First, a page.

Jesse Ryan (Fwé Culture)
As world fusion in jazz continually moves one away from the primary centre defined by the blues and swing, global musicians take up the challenge of improvisation over a sonic bed of native and ethnic rhythms and melodies. Jesse Ryan, a Trinidad-born saxophonist now based in Canada, joins a group of Caribbean musicians seeking ways to successfully commercialise the “West Indian accent in jazz.” On half of Bridges, his debut album, he explores the rhythmic pulse of Tobago’s native tambrin band music. Modern jazz interpolation with the sound of the tambourine drum creates a soundscape for another interpretation of New World African music. With a subdued sound mix, sublime conversations between guitar, piano, sax, and percussion become epic in intention, effective in interpretation. This brilliant album, three years in the making, is an opening statement of a new jazz artist in the diaspora reconnecting with his roots to seal the idea of Caribbean music beyond a dance accompaniment.
Tender Touch Riddim
Various Artists (Fox Fuse)
2020 saw the decimation of Caribbean Carnivals, and this trend is set to continue at least through the first half of 2021. Trinidad and Tobago’s annual Carnival is signalled to become virtual, but the music that drives live revellers on stage and on the road continues to be produced. The shift in the experience so far has brought a greater inclusion of global beats and rhythms that mark an evolution in the rhythmic template for this music called soca. Afrobeats, now popular worldwide, infuses this new six-track EP of songs produced by Advokit with input from music aggregator Julianspromos, with a bounce that makes hips roll, DNA be damned. How many ways can one sing about love? Sacred, romantic, lusty, cheeky, and devout: it’s all here with contributions, respectively, from Melly Rose with Nigerian rapper Skales, Patrice Roberts, Nailah Blackman, Hey Choppi, and Olatunji. Soca music’s conversion to popular world music can be aided by this new riddim.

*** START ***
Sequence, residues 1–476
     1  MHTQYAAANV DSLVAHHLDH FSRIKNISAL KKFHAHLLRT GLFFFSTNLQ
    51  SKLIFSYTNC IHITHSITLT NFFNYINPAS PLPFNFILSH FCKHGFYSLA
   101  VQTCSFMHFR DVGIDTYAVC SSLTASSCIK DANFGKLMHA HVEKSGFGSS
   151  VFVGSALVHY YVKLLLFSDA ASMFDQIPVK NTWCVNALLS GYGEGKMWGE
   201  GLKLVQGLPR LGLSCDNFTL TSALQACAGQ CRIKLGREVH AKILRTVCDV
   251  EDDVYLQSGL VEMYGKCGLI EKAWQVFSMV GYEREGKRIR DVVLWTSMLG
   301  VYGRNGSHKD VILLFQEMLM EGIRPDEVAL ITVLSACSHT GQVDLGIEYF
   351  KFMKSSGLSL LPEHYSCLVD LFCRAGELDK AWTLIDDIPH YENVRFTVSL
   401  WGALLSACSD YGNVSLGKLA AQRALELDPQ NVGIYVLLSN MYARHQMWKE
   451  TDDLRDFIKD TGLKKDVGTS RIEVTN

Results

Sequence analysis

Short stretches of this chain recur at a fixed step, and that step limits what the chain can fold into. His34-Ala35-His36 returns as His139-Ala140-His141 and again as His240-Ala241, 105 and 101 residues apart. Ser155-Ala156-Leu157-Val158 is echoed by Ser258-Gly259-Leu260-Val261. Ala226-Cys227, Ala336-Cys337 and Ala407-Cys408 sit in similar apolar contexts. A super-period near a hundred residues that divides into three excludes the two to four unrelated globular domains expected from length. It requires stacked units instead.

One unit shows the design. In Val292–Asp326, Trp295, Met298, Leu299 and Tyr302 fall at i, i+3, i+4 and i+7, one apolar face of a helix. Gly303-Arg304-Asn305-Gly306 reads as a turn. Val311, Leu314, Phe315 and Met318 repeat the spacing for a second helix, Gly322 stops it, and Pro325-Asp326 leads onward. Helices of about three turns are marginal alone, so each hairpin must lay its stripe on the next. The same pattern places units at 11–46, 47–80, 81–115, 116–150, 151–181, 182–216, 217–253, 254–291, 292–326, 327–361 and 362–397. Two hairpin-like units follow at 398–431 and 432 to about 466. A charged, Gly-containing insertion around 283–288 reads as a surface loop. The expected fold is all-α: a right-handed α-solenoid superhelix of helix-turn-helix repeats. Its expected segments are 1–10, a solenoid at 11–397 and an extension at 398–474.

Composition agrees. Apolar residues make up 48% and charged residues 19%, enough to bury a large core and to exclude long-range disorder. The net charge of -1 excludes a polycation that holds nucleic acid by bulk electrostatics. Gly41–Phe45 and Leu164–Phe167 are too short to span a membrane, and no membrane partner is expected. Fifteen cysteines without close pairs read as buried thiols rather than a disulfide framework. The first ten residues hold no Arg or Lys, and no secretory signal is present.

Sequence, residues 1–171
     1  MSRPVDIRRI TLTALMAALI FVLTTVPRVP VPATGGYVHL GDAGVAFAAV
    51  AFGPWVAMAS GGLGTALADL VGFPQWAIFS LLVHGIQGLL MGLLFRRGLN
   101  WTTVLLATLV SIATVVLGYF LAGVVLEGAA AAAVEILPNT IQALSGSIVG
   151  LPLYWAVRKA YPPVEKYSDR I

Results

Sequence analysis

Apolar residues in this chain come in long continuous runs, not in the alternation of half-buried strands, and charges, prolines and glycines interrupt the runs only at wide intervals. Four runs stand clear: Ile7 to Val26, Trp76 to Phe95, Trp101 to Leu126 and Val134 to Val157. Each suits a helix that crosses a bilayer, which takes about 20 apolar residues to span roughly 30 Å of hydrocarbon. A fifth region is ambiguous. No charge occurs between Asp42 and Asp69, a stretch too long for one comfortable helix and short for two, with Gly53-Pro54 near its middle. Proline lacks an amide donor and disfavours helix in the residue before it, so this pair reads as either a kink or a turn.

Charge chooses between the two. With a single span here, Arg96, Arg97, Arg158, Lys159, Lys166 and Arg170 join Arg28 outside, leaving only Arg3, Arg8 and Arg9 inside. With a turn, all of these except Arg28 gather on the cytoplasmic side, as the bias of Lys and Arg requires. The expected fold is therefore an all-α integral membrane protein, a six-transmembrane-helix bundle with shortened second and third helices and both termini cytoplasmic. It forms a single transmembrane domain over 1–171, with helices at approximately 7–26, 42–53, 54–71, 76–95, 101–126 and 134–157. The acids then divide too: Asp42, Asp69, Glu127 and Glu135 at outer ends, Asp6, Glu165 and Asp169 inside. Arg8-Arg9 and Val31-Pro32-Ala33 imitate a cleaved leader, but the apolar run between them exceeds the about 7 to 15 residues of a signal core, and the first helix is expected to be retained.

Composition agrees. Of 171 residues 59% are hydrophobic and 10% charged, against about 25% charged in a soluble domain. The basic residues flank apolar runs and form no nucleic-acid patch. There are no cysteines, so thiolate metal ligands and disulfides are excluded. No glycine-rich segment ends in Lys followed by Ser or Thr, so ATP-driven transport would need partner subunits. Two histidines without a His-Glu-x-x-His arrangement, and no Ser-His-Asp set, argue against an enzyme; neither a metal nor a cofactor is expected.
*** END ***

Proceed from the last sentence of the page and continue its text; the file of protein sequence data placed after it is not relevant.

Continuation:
Viento y Tiempo: Live at Blue Note Tokyo
Gonzalo Rubalcaba and Aymée Nuviola (Top Stop Music)
Cuba is an enigma for many travellers in the Americas. Its music salvages its imposed reputation as an outlier. Performance and its recording in global cities fortify a notion, widely recognised in the Caribbean, of the supremacy of the canon and artistry of Cuban musicians. Afro-Cuban jazz pianist Gonzalo Rubalcaba and singer Aymée Nuviola, “La Sonera del Mundo” — both Grammy winners — performing before an audience in Japan, offer “a tribute to the music that flows through the streets of Havana which we grew up with.” Rumba and jazz, classic son montunos and danzonetes, boleros and ballads, and other tropical rhythms are mixed with call and response singing, jazz improvisation, percussive breaks, and dynamic piano playing to recorded elation from a Tokyo crowd. The collaboration of these childhood friends, and others, suggests Cuba’s musical history is manifestly rich.
The Teddyson John Project (238 Square Miles)
St Lucian singer Teddyson John has introduced on this recording an innovative twist to island soca. With a crack band of island musicians, he delivers an acoustic live recording of his soca hits that does not miss the energy of these party anthems, but suffuses the tunes with the sophisticated aura of an elegant island R&B groove that is easy on the ears of listeners elsewhere. Nylon string guitar, bass, piano, and congas are all that are needed to transform a party jam to a smooth crooned ballad. In this time of Carnival tabanca (that melancholy brought on by COVID-19 restrictions), as noted by John himself, the melody is pleasantly brought to the forefront, instead of the energy of the festival road march. His 2016 hit “Allez” is metamorphosed to a seductive sing-along with female background harmonies that work. “Crème de la crème”, wow! Acoustic soca sans the Carnival jump and wave instructional barking puts John in a league of his own as island festivals pivot. Romantic revelry represented.